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Shima Seiki
Shima Seiki

Jana Bukolovska


27th January 2017, Stony Brook, NY

Sustainable consumer choices on the rise?

Applied DNA Sciences is a provider of DNA-based supply chain, anti-counterfeiting and anti-theft technology. Applied DNA Sciences, a provider of DNA-based supply chain, anti-counterfeiting and anti-theft technology, product genotyping and product authentication solutions, has announced the results of a cotton survey of over 2,000 US adults, conducted by Harris Poll in December 2016.

According to the findings, over 30% of Americans said that they would completely stop purchasing a brand if they made a false product claim about a bedding/clothing product being 100% organic, 100% Pima cotton, or other claim of this type, while roughly 61% of Americans say if they found a brand made their bedding/clothing products from raw cotton that was picked by child labourers/forced labourers, they would no longer purchase the brand.

“Home goods and apparel consumers are voicing their concerns,” the company explains. “With a new president focused on protecting products born in the USA, consumers may be looking more closely at product origins, and could demand more transparency.”

DNA tracing

“This survey reaffirms what we have known all along,” said Dr James A. Hayward, CEO of Applied DNA Sciences. “Consumers want authentic products and want to trust in what they are buying. They have no interest in bringing a product into their home that has been born of any kind of forced labour.”

“Our primary aim is to cleanse the cotton supply chain and by that, I mean eliminating any diversion, any mislabelling, any counterfeiting that can take place throughout the cotton supply chain. An ideal way to ascertain the true identity of a natural commodity is to use the DNA that nature gave that commodity or to mark it with a manufactured DNA. This enables the cotton to be traced to where it was picked before it went into the ginning process that cleans away seed and other debris for packaging into bails to ship around the world for spinning, dyeing and to make into clothes.”

Fake cotton products

In November 2016, a lawsuit was filed accusing Walmart of selling products falsely labelled as containing 100% Egyptian cotton for years after it first questioned their fibre content. According to the complaint, Walmart questioned the fibre content of products produced by Welspun India as early as 2008, but waited to halt sales of its mislabelled Egyptian cotton bed linens until three months after a similar halt by Target Corp.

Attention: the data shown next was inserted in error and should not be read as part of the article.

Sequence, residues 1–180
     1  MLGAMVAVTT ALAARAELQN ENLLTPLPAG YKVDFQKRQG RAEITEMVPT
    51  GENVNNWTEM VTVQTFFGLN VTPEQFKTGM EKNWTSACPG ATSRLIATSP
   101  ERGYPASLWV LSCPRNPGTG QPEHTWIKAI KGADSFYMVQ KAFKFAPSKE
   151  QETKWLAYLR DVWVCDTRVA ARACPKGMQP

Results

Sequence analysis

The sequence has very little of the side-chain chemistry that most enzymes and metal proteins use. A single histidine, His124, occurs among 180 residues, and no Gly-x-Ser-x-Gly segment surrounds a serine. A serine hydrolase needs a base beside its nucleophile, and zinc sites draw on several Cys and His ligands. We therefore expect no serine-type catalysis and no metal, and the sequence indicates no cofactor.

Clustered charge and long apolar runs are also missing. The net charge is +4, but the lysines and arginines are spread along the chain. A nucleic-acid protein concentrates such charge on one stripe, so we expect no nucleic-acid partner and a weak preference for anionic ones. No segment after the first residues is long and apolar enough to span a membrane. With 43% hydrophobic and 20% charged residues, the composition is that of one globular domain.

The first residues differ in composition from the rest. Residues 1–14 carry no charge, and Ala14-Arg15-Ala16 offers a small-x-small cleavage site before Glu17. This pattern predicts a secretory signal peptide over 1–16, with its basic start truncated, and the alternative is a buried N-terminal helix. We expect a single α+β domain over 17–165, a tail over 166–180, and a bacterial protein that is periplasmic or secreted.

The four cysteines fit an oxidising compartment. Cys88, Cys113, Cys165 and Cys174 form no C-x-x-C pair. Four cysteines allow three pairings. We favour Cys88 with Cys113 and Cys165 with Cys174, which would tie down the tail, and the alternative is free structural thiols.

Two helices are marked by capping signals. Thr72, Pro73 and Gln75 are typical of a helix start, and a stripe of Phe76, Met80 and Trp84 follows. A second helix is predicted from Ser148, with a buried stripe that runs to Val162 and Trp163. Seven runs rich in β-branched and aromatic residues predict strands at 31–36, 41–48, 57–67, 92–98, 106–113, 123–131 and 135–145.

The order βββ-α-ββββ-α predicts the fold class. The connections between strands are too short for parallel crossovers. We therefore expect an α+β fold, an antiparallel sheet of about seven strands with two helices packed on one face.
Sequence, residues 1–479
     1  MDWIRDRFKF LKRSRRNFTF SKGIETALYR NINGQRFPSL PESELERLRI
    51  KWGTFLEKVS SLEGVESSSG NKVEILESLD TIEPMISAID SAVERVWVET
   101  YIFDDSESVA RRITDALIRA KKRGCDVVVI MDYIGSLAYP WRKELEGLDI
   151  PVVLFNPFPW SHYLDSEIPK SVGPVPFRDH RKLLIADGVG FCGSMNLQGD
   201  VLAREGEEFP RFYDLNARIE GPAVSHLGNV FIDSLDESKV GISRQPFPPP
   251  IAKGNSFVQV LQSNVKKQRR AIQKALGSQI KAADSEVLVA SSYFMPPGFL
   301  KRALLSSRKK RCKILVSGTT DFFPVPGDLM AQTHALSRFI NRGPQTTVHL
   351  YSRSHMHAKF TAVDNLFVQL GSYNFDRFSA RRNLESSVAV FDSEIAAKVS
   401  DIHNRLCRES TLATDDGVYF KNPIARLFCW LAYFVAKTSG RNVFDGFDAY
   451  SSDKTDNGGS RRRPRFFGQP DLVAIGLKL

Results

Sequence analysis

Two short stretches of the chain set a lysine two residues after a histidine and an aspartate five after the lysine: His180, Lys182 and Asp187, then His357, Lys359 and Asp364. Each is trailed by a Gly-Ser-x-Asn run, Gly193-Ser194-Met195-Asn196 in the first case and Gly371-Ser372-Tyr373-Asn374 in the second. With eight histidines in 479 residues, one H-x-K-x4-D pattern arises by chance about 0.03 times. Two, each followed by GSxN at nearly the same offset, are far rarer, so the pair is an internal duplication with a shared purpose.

Over 30% of Americans said that they would completely stop purchasing a brand if they made a false product claim about a bedding/clothing product being 100% Pima cotton.

J.C. Penney and Bed Bath & Beyond also began reviewing their Welspun records after Target’s discovery. JCPenney reported that any of its products labelled as Egyptian cotton must come with a certificate from the Cotton Egyptian Association, a non-profit organisation established with help from the Egyptian Ministry of Industry and Foreign Trade. Back in April, Welspun received its certification in three product categories. According to the Cotton Egyptian Association, these products were DNA-tested to help rule out falsely labelled goods in the supply chain. Other major US stores carrying Welspun products include Costco, Home Depot, and Macy's, according to Bloomberg.

To prevent counterfeiting or mislabelling, DNA Applied Sciences is working on two different types of DNA. The first uses an engineered botanical DNA to tag the fibre before it is baled to track it from a specific source. The second task is to identify the natural DNA of each species of cotton, which could also help enable consumers and retailers to know if any fibres have come from countries that are using forced labour to harvest cotton.

Forced labour

In December, the European Parliament backed a textile trade deal with Uzbekistan opposed by anti-slavery activists who say it will result in the EU profiting from forced labour in the Central Asian country's cotton industry. The influential trade committee (INTA) approved the deal, revising a 2011 decision by the European Parliament to put it on hold over forced labour concerns.